Previous studies demonstrate that upregulation of KIAA1199 promotes tumorigenesis, infiltration, invasion, migration, and apoptosis. Zhang et al3 reported the involvement of KIAA1199 in metastasis, invasion, and cell motility across various cell types. Additionally, Chanthammachat et al5 stated that KIAA1199 may regulate the processes involved in cancer cell growth, survival, and metastasis. A study by Matsuzaki et al6 found that KIAA1199 expression was elevated in gastric cancer tissues. Collectively, these findings suggest that upregulation of KIAA1199 mRNA may influence the peritoneal dissemination, distant metastasis, lymph node metastasis, tumor differentiation and poor prognosis of cancer. Birkenkamp-Demtroder et al9 demonstrated that, in colorectal cancer tissues, KIAA1199 mRNA and protein levels are increased, and that KIAA1199 signals through the Wnt-pathway to influence cell adhesion, motility and proliferation. Kuscu et al11 also reported that the expression of KIAA1199 was markedly elevated in invasive MAD-MB-231 breast cancer cells and invasion breast cancer specimens. In addition, they found that KIAA1199 was highly expressed in invasive DU145 prostate cancer cells. Collectively, Kuscu’s findings indicate that KIAA1199 is associated with the invasiveness and progression of cancer cells. Other studies found that KIAA1199 has dual effects depending on the tumor type.2 Compared to normal tissues, our study showed that the expression of KIAA1199 was markedly increased in hepatocellular cancer tissues, particularly in patients with severe clinicopathological symptoms. These datasets indicate that increased KIAA1199 expression contributes to the development of HCC.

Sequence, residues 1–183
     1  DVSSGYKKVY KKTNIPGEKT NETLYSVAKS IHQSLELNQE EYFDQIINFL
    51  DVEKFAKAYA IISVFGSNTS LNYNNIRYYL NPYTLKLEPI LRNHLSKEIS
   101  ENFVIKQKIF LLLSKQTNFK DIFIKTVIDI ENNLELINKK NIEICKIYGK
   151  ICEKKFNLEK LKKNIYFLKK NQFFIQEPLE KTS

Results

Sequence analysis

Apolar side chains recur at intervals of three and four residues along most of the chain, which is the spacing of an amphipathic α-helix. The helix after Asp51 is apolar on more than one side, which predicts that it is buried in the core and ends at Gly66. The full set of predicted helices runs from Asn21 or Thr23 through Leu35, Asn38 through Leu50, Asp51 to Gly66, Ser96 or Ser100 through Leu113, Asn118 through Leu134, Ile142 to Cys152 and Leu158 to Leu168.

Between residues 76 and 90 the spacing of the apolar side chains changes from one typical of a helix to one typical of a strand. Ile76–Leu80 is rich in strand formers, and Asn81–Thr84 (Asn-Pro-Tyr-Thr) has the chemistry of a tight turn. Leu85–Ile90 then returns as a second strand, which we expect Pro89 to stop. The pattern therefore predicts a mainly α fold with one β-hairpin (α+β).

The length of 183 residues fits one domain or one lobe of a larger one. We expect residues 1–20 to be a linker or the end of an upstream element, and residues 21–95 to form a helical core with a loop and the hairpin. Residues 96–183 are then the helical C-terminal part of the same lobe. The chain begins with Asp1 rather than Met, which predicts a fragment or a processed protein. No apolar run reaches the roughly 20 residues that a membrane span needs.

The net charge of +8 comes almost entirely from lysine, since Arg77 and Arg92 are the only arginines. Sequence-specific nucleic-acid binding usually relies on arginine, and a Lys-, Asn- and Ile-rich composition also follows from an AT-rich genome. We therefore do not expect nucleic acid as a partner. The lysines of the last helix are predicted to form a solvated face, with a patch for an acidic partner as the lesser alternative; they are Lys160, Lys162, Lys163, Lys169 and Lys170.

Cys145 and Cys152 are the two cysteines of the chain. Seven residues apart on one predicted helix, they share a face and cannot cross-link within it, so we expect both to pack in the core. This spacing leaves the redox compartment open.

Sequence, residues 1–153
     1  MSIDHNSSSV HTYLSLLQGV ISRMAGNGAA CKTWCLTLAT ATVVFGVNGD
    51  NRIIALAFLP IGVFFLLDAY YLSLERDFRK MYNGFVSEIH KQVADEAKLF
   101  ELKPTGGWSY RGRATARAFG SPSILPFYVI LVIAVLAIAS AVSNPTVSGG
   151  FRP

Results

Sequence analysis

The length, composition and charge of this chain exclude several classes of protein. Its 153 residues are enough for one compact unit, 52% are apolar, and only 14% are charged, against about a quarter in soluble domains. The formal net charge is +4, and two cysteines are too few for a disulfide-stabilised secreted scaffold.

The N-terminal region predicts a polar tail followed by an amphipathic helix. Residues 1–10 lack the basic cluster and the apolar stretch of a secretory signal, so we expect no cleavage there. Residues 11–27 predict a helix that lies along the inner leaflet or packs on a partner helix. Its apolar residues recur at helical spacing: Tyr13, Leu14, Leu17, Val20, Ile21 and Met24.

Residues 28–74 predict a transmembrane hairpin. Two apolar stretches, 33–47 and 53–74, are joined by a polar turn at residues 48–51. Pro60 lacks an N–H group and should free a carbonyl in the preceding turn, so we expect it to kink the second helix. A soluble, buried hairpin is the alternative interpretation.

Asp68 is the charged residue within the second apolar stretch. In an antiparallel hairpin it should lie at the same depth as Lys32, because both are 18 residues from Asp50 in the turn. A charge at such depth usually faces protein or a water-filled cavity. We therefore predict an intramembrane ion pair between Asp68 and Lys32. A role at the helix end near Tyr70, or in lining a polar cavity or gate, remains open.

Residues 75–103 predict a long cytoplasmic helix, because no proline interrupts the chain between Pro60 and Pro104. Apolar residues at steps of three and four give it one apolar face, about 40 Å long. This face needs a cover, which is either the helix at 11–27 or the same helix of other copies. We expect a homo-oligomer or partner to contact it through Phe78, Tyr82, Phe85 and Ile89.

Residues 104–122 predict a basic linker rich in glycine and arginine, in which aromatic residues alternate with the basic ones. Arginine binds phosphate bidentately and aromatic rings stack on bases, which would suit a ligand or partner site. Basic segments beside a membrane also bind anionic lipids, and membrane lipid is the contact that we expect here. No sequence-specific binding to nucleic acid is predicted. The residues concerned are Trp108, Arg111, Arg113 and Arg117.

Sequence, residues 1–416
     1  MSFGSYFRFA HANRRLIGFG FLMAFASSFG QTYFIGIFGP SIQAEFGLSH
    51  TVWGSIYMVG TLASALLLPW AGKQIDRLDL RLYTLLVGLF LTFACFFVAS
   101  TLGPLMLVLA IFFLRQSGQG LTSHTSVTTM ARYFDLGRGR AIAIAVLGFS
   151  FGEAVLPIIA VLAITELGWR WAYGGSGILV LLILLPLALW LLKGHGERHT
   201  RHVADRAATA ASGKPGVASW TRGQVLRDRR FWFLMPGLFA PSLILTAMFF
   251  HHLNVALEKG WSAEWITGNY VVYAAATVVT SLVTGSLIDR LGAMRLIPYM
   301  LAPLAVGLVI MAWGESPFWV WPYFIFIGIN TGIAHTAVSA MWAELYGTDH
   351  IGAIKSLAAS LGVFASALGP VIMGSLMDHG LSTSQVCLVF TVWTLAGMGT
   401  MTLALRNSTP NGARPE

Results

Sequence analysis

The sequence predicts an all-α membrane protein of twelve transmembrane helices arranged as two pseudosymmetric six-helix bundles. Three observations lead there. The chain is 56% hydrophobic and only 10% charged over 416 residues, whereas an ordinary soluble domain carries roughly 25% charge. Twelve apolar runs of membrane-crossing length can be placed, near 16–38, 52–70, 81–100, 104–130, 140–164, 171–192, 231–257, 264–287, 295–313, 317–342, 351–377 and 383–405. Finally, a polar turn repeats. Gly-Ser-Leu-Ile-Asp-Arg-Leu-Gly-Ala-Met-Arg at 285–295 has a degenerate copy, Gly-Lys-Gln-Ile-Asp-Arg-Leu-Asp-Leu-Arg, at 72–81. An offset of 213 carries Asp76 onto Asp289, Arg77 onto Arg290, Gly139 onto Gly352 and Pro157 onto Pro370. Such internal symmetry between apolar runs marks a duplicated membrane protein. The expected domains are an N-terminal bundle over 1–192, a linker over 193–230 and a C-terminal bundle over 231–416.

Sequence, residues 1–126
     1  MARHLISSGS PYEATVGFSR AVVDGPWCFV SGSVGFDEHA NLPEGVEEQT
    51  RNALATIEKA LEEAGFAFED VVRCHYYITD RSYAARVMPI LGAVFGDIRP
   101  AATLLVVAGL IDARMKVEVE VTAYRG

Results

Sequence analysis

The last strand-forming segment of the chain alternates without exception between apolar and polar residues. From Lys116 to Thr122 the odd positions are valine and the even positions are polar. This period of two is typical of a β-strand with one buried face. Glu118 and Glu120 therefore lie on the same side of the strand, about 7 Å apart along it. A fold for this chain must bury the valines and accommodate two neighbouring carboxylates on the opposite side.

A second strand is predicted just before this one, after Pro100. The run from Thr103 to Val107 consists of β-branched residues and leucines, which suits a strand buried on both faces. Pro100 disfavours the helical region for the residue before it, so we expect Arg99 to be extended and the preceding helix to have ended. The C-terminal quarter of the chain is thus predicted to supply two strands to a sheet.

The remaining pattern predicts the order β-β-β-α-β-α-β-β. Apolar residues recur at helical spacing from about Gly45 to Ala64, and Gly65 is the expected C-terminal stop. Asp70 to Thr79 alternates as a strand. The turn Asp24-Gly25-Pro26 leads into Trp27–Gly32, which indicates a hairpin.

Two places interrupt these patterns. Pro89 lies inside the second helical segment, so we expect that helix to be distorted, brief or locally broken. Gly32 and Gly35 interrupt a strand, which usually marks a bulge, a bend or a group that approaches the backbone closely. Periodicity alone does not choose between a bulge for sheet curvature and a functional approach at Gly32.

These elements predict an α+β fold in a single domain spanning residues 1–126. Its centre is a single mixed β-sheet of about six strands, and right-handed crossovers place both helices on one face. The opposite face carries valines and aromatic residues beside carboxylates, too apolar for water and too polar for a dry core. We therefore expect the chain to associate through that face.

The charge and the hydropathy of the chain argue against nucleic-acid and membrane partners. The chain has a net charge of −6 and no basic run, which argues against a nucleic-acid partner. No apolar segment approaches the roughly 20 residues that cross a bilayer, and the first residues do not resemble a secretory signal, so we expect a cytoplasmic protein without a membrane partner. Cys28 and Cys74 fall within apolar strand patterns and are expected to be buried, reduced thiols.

Epithelial-mesenchymal transition (EMT) involves modifications of gene expression leading to the repression of epithelial phenotype and activation of mesenchymal phenotype. EMT is an early event in the process of distant metastasis of tumor cells.12,13 EMT also promotes rapid growth of tumor cells14 and it is a key process that regulates tumor invasion and metastasis. E-cadherin, N-cadherin and vimentin are important protein markers of EMT. E-cadherin is a cell adhesion molecule found in the epithelium which is formed by intracellular catenin and peptide proteins linked to the cytoskeletal actin. E-cadherin participates in cell adhesion, growth and proliferation, and maintains epithelial cell morphology and structural integrity.15 Vimentin, a major intermediate silk filament protein present in stromal cells, participates in cancer cells adhesion, invasion, migration and signaling by regulating the interaction between cytoskeletal proteins and cell adhesion molecules.16 During EMT, changes to the N-cadherin expression influence cell invasion, migration and survival by regulating intracellular signaling pathways.17 As the biomarkers and regulators of EMT, E-cadherin, N-cadherin, and vimentin have been reported to be expressed in tumor tissues and are thought to promote poor prognosis.14,16 In this retrospective study, E-cadherin expression was negatively associated with the expression of KIAA1199 in HCC. In contrast, KIAA1199 expression was positively correlated with vimentin and N-cadherin expression in HCC. Therefore, upregulated KIAA1199 expression in HCC is closely associated with abnormal levels of proteins associated with EMT; which implies that KIAA1199 modulates the progression of hepatocellular cancer by influencing the E-cadherin-, N-cadherin- and vimentin-mediated EMT process.